Coin from 1944
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The 1 sen coin was first minted by the Empire of Japan in 1873. Since then, new issues of the coin were introduced in 1898, 1913, 1916, 1927, 1938, 1941, and 1944. A new coin was created in 1945, but apparently never issued.
During 1873, the Empire of Japan issued the first 1 sen coin along with the 1 rin, ½, and 2 sen coins. This coin was composed mainly of copper. It had a mass of 7.13 grams and a diameter of 27.9 millimeters. Displayed on its obverse was a Japanese dragon along with the value, year of minting, and issuing authority (本日大) of the coin. On its reverse, the value was displayed (as 一銭) surrounded by branches at its sides, the Imperial Seal above, and the text, "圓一換 枚百以". The minting of these coins eventually ended in 1888.
During 1898, after 10 years of the absence of the 1 sen coin, the Empire of Japan issued a new coin. It was mainly composed of copper, but also had a percentage of tin, officially making the coin of bronze. The coin had a mass of 7.13 g and a diameter of 27.9 millimeters, retaining the original size and weight of the original 1 sen coin. On the coin's obverse, the sun was displayed with the value, year of minting, and the title of the issuing authority (本日大), while the reverse showed the value (as 一銭), surrounded by grains. It was minted until 1902.
In 1916, another 1 sen coin was introduced. It was composed of bronze like the previous coin. However, this coin was smaller in mass and diameter, being only 3.75 grams in mass and 23 millimeters in diameter. On the coin's obverse was the Government Seal of Japan, a stylized paulownia flower. Above this is the issuing authority, to the sides are cherry blossoms, and below is the year of minting in Taisho. Displayed on the coin's reverse is the value surrounded by an arabesque pattern, which is broken at the top and bottom by a flower. The coins were first used until 1924. About 1.3 billion of these coins were produced between 1916 and 1924, with a majority being minted in 1921 and 1922.
During 1927, the coin was reintroduced. It was minted until 1938. Between this time, a number of about 763.5 million of the coins were produced.
In 1938, the Empire of Japan introduced two new coins. The first of these coins was composed of 90% copper and 10% zinc, therefore creating a brass coin. It had a mass of 3.75 grams and a diameter of 23 millimeters, being the same size as the previous coin, but larger than the other 1938 issue. Both coins were designed through a competition held by the Japan Mint. Depicted on the coins' obverses was the Yatagarasu from Japanese mythology without one of its three legs, and with two cherry blossoms at the sides, the issuing authority above, and the year of minting in Showa below. On the reverses was the value inscribed in the Yata no Kagami. Above the value the Imperial Seal was displayed, while below was the Paulownia Crest. The coin was only minted in 1938, with a total of 113,600,000 coins issued.
During the same year, the Empire of Japan had also minted a coin on 100% pure aluminum, due to the need of other metals for weaponry, as Japan had gotten involved in World War II only a year earlier. Unlike the corresponding brass coin, this coin was extremely light, with a mass of 0.9 grams and a diameter of 17.6 millimeters. During 1939 (Showa 4), two different types of these coins, A and B, were minted. The difference between the coins was the way in which the Japanese character for four was written. On type A, the four was written as "四", but on type B, it was written as "". Overall, the aluminum coin was more successful than its brass counterpart, having been used until 1940 due to being made of a more inexpensive and less demanded metal.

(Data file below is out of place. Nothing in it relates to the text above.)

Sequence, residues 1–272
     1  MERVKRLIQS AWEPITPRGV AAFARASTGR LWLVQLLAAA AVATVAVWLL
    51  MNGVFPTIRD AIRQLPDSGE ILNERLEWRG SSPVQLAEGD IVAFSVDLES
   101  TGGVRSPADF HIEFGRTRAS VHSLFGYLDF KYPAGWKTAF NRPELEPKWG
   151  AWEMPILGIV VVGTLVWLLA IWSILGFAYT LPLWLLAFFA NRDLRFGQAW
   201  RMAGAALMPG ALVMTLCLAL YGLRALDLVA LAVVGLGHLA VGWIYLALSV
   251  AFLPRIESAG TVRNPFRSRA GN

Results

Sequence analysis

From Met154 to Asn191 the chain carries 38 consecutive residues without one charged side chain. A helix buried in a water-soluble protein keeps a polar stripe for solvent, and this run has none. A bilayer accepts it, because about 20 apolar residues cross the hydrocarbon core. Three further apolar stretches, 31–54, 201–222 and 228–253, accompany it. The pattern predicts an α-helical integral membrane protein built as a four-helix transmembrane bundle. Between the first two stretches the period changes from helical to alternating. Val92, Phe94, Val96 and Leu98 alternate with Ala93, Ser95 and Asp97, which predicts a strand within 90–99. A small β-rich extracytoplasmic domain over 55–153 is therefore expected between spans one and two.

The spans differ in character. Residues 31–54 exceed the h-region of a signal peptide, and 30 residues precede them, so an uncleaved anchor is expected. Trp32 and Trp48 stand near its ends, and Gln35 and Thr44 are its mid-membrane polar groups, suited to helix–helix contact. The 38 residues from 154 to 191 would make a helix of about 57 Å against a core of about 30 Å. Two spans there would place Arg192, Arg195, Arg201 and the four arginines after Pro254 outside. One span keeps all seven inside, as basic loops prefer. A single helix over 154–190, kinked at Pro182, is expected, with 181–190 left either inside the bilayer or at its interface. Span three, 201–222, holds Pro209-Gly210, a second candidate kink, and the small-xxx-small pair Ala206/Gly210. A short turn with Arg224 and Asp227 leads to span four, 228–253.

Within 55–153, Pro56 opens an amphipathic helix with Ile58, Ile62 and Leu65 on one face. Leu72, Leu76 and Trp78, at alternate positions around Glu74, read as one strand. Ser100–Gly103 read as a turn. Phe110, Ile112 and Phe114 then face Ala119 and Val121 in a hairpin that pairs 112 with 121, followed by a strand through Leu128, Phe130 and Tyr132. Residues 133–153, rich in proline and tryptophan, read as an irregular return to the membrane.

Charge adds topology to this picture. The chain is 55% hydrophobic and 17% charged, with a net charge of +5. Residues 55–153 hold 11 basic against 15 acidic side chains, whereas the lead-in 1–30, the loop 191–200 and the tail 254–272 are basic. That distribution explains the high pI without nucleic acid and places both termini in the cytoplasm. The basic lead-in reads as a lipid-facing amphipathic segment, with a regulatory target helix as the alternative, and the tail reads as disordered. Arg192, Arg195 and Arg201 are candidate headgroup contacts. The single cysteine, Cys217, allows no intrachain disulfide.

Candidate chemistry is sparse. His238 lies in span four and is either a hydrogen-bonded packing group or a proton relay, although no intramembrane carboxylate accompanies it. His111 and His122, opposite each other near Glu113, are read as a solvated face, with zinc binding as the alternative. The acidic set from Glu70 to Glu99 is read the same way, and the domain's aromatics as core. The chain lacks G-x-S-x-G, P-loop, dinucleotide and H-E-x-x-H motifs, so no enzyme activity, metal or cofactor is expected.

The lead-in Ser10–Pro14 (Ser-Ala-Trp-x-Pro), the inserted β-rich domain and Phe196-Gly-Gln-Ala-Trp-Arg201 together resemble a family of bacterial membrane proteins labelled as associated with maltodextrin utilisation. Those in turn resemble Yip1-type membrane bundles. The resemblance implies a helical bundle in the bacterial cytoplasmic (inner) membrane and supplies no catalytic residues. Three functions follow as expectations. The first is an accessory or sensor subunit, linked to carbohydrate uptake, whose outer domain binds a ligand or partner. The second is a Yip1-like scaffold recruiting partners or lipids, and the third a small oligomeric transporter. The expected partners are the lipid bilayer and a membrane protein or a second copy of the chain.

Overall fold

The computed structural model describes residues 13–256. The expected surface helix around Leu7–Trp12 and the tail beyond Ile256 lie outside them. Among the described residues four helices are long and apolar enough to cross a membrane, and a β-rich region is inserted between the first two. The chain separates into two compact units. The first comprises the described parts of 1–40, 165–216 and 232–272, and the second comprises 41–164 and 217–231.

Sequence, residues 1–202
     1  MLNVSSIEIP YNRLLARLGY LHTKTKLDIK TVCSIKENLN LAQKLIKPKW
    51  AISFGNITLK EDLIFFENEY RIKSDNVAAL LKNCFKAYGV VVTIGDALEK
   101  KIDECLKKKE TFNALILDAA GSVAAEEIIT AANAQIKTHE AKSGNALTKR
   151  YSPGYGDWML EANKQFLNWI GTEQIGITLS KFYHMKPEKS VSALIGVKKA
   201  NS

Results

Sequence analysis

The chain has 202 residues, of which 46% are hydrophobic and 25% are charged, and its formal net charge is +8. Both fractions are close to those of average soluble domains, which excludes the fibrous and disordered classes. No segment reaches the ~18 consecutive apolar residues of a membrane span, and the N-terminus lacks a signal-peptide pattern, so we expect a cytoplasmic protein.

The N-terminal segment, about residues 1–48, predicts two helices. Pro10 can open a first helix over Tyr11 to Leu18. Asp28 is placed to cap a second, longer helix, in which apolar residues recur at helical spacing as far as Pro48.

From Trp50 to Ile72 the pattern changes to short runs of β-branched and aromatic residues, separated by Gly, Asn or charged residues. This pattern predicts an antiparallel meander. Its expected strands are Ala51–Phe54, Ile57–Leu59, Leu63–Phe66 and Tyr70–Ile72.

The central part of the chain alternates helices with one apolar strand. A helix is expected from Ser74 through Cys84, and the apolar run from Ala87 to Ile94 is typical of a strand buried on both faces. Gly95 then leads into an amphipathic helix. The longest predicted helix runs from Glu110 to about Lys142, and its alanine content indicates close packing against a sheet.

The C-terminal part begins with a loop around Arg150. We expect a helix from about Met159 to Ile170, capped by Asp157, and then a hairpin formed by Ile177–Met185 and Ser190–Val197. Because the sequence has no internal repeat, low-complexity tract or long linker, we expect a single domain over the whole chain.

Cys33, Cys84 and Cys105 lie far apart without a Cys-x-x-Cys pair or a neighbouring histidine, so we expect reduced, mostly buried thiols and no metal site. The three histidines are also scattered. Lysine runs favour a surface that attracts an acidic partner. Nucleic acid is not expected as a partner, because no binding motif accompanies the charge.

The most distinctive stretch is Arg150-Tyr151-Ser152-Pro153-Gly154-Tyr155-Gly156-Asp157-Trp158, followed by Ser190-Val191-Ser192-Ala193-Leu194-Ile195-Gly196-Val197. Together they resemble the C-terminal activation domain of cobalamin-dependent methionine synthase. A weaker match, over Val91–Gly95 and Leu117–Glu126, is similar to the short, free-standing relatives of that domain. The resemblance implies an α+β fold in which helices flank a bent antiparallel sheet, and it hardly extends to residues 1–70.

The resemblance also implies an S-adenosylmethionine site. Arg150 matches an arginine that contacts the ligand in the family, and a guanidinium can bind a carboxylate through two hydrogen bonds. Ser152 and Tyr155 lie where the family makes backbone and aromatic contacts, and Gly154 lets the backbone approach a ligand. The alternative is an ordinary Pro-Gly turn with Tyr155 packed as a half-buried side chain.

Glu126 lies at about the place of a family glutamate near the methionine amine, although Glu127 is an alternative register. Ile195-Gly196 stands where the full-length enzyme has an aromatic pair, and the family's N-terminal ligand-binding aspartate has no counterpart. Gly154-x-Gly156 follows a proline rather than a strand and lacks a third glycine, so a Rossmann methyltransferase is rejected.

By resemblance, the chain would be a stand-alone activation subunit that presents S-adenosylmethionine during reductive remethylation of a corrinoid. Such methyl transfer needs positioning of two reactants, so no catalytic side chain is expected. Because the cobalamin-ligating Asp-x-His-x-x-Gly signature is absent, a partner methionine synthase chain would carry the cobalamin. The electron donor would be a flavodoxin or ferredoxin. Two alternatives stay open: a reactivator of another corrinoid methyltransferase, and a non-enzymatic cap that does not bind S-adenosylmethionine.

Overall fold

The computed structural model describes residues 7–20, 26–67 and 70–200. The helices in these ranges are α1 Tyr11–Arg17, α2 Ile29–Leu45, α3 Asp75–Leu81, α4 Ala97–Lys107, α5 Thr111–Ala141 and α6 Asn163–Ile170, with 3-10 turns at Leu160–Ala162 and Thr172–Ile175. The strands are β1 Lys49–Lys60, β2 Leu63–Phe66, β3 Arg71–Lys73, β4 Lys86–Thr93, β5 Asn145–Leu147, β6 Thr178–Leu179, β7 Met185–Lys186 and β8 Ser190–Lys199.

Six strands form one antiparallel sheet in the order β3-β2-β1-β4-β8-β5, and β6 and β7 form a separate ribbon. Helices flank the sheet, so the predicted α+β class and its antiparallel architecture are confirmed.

During 1941, after the short time of minting the previous 1 sen coins, a new issue was produced by the Empire of Japan, which was still a major axis power in World War II. Once again, to lower costs and to save other resources for weaponry, the 1941 coin was composed of aluminum. Because of this, the coin was very light, being only 0.65 grams. It had a diameter of 16 millimeters and a thickness of 1.52 millimeters. Displayed on the coin's obverse was Mount Fuji, the highest mountain in Japan, with the Imperial Seal above and the value below. Shown on the reverse was the value, issuing authority, and year of minting. These coins were minted up until 1943. In these three years, a total of 2,300,2800,000 of these coins were minted.
Most recent issueEdit
In 1944, the Empire of Japan introduced the most recent 1 sen coin (pictured above). It was composed of tin-zinc, due to the need of other metals for fighting in World War II, just like the use of aluminum in some coins before it. The coin had a mass of 1.3 grams, a diameter of 15 millimeters, and a thickness of 1 millimeter. On this coin's obverse was the Imperial Seal with the value, with two branches at the side. Displayed on the reverse was the year of minting and the title of the issuing authority. Minting of these coins ended in 1945, and they were demonetized on December 31, 1953.
In 1945, a new coin was produced. However, it was not minted by the Japan Mint, but by private companies on behalf of the mint. These coins were composed of baked clay. They had a mass of 0.8 grams and a diameter of 15 millimeters. Displayed on the obverse was Mount Fuji and the value (written as 壹), while on the reverse was the Imperial Seal of Japan with the name of the issuing authority. Due to conflicting sources, there is a controversy as to whether or not these coins were ever issued. Some of these sources, such as the Standard Catalog of World Coins, implies that the coins were unofficially used in Central Japan just prior to the end of World War II. However, many other sources contradict this uncommon claim.
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